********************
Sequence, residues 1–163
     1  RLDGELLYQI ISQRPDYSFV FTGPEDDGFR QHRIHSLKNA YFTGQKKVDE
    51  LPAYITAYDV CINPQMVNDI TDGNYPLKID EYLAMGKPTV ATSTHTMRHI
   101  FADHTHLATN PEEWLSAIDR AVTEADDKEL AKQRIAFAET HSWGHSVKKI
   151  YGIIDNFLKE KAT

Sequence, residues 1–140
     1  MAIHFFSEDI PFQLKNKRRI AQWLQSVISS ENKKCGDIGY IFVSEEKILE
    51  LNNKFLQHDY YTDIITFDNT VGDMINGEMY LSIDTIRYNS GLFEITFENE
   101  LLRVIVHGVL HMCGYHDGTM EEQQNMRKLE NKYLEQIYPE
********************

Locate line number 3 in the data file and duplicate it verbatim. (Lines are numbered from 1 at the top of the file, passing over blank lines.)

    51  LPAYITAYDV CINPQMVNDI TDGNYPLKID EYLAMGKPTV ATSTHTMRHI